Pristine and shorted multi-walled carbon nanotubes (pMWCNT and sMWCNT, respectively) non-covalently modified with a block copolymer (poly[sodium (2-sulfamate-3-carboxylate) isoprene-b-styrene] - abbreviated as CSI) are used for the formation of CdS semiconductor nanohybrids. The CdS nanoparticles are preferentially localized on the surface of the nanotubes due to specific interactions with the polymer chains. In these nanohybrid materials photoinduced electron transfer phenomena are found to occur from the photoexcited CdS nanoparticles to the nanotubes as evidenced by the efficient fluorescence emission quenching of CdS nanoparticles. Nanosecond transient absorption spectroscopy sheds light on the transient species formed by charge separation, namely (pMWCNT)-/CSI/(CdS)+ and (sMWCNT) -/CSI/(CdS)+. The MWCNT/CSI/CdS nanohybrid materials are deposited onto ITO electrodes by the drop-casting method. The ITO/sMWCNT/CSI/CdS electrode exhibit an incident photon to photocurrent efficiency (IPCE) of 7% at an applied bias of +0.2 V vs. SCE in a standard three-compartment electrochemical cell. Direct electron injection from the reduced nanotubes to ITO electrode after the photoinduced charge separation is responsible for the photocurrent generation.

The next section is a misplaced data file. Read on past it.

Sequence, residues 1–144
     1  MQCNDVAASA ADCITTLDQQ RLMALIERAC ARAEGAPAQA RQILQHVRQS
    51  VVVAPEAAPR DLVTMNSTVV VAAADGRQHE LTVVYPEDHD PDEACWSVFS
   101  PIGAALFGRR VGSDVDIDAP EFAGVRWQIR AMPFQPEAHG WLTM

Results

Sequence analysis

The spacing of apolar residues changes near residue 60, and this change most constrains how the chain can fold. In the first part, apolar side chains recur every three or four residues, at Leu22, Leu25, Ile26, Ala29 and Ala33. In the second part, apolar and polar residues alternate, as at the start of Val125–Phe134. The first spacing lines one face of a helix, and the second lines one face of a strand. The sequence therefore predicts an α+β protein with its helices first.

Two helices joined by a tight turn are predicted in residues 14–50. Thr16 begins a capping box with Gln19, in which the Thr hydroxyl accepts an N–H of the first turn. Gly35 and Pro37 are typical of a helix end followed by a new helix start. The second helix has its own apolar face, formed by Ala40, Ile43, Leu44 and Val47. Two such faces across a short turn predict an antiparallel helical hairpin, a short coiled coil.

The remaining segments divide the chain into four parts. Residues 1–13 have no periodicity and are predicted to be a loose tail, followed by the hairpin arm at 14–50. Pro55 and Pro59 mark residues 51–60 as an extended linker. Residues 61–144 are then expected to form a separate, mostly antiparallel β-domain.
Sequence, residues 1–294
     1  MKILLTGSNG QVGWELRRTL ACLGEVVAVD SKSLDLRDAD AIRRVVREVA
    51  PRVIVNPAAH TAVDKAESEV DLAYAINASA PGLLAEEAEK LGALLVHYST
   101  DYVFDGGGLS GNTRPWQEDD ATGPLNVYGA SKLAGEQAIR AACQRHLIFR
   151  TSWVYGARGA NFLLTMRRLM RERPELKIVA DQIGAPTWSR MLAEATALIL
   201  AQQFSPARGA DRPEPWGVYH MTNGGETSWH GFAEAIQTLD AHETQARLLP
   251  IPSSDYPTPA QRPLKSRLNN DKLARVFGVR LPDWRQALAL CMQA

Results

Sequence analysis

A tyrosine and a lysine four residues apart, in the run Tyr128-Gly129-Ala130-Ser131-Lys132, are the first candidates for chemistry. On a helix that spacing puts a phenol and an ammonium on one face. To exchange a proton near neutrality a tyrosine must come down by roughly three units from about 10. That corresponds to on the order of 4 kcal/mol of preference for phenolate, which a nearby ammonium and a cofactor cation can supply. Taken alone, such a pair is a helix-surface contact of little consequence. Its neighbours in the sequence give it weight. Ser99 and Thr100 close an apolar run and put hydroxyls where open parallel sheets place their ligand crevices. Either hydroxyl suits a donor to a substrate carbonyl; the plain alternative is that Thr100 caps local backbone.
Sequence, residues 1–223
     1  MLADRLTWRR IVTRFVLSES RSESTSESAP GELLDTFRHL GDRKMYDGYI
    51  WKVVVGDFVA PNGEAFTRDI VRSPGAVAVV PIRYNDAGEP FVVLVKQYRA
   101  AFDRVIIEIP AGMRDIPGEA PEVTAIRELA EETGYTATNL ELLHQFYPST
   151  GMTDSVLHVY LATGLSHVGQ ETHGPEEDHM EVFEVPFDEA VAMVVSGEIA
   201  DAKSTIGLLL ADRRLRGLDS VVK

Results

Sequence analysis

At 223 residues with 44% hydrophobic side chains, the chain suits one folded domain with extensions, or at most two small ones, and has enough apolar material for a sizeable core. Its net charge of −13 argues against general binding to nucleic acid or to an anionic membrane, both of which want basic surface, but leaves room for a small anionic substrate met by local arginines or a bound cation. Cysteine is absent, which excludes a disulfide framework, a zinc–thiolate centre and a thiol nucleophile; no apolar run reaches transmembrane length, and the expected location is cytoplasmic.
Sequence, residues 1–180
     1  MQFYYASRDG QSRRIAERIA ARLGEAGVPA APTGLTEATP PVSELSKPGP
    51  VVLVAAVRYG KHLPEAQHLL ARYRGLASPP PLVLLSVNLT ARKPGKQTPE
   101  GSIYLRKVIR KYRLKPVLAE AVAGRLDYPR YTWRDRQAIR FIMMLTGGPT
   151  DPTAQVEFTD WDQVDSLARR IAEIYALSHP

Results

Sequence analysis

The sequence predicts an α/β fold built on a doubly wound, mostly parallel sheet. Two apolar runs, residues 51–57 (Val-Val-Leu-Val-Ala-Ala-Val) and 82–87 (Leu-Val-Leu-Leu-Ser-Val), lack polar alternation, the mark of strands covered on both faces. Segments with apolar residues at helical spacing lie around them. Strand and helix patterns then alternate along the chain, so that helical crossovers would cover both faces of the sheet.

ASJC Scopus subject areas
- Materials Chemistry